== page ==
For a few hours I doubted last Tuesday whether, after the two-day meeting of the administrative committee of the Adventist Church in France and Belgium, I would be able to leave Paris. The massive amounts of snow in the North of France had caused an enormous chaos on the roads between Paris and Lille, and most flights and trains from the French capital were cancelled. But I was lucky. Around three p.m. a Thalys train at the Gare-du-Nord appeared from somewhere and it was announced that passengers for Brussels could board. It was not clear when the train was to depart and how long the journey would take. But, lo and behold, after a little more than a half hour the train began to move at a somewhat reduced speed and we made the trip to Brussels without any problems. As a result I was in time for my evening meeting at the conference office in Brussels.
The events of this week in Rome were, of course, a lot more interesting. When at the end of the second day of the conclave the white smoke ascended from the chimney, the journalists –some of them were clearly not great experts on the subject—were faced with the challenge to keep talking for an hour about unimportant details, and to speculate about who had been elected as the new pope. But then, there was the surprise: an Argentinian pope, who had chosen the name Franciscus I. A Jesuit! And, once again, someone who is already quite old. [Years ago Samuele Bacchiocchi, the well known Adventist expert on Catholicism, had predicted that one day Bergoglio might have a good chance to be chosen as pope.]
I am often struck by the similarities between the Roman Catholic Church and the Adventist Church. Both denominations have a hierarchical structure, with one powerful person as the top leader. The Catholic Church has traditionally elected an Italian as its leader, with the exception (until now) of a Pole and the German Joseph Ratzinger (Benedict XVI). The Adventists have traditionally chosen an American, with one exception: the previous general conference president (Jan Paulsen), who was a Norwegian. The Catholic Church has now opted for someone from a non-western country. It does not require much prophetic insight to predict that the next general conference president will, in all likelihood, also be a non-western person.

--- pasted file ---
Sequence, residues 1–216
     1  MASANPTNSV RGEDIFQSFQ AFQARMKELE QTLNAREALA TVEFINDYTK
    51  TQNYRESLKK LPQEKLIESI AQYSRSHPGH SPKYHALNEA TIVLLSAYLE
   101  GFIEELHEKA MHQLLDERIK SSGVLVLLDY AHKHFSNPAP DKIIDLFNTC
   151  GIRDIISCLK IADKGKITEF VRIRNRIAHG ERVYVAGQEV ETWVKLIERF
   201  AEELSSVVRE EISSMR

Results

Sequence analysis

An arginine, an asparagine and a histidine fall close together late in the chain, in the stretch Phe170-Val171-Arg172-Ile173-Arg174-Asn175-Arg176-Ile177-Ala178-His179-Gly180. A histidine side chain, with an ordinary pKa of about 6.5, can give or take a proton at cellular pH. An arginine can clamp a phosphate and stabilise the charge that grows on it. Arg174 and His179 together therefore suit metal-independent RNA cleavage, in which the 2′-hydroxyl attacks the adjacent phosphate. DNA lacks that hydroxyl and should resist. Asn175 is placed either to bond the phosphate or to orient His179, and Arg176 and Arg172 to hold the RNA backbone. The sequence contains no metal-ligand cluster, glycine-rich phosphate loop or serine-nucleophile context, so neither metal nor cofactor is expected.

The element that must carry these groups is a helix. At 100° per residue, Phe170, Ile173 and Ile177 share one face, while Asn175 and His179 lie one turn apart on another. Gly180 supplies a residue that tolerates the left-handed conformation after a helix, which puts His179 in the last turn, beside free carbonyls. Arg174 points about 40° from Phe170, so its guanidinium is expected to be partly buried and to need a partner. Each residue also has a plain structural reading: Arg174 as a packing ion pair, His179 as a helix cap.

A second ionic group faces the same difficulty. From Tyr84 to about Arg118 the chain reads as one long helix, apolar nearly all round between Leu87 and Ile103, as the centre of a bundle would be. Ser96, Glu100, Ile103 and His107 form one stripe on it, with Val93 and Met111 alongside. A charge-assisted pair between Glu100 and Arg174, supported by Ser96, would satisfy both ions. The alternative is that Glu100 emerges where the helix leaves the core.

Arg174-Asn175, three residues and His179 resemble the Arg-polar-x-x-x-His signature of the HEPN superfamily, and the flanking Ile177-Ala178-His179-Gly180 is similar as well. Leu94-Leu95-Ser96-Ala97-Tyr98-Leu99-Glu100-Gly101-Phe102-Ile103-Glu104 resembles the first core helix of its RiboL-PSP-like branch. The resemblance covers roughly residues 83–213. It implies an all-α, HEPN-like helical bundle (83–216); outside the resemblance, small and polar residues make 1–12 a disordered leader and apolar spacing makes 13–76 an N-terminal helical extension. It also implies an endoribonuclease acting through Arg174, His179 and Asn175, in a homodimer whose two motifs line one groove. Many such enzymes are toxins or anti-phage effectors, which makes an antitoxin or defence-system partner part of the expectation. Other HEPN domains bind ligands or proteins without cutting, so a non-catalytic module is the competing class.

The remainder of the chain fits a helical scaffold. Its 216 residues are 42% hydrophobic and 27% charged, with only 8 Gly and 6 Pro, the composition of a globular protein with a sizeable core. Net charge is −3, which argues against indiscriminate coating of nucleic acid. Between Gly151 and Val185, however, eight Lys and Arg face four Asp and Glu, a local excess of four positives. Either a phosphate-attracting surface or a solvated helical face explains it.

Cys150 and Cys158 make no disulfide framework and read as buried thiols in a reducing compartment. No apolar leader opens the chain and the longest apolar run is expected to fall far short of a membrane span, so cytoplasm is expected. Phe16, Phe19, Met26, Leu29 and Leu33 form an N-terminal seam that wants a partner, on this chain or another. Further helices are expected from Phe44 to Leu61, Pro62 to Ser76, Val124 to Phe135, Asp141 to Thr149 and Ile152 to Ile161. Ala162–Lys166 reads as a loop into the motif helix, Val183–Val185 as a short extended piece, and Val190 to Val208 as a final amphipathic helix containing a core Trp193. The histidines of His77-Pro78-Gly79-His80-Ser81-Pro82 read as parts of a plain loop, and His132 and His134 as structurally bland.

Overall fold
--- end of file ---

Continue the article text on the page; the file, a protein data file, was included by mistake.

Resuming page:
I am curious to see Adventist comments on this papal election. I assume that quite a few ominous conclusions will be drawn from the fact that this 266th pope is a Jesuit. For Jesuits have never been very popular among Adventists. And, no doubt, if there will be any positive reforms or drastic changes, these will be interpreted as mere window dressings. I have seen on the internet the first reactions in that direction.
I prefer an attitude of ‘wait and see’. Jorge Mario Bergoglio, who was born on December 17, 1936, has in the choice of his papal name been inspired by the founder of the Franciscan Order from the 12th century, but maybe also a little by the famous Spanish Jesuit missionary Franciscus Xaverius, who went to China in the 16th century to proclaim the gospel—and who had concepts of missionary work that were rather progressive for his time.
Will this new pope surprise the world, as some fifty years ago John XXIII surprised the world by convening the Second Vatican Council? Will he cause a fresh wind to blow through his church, or must we look forward to more of the same?
Adventists must continue to critically follow the events in Rome. But it is also important not to be too sure of the all details of the end-time scenario. Almost three millenniums ago God surprised the prophet Jonah by changing his mind with regard to the city of Nineveh. Who knows how God might yet surprise us in the twenty-first century! After all, God often is a God of surprises.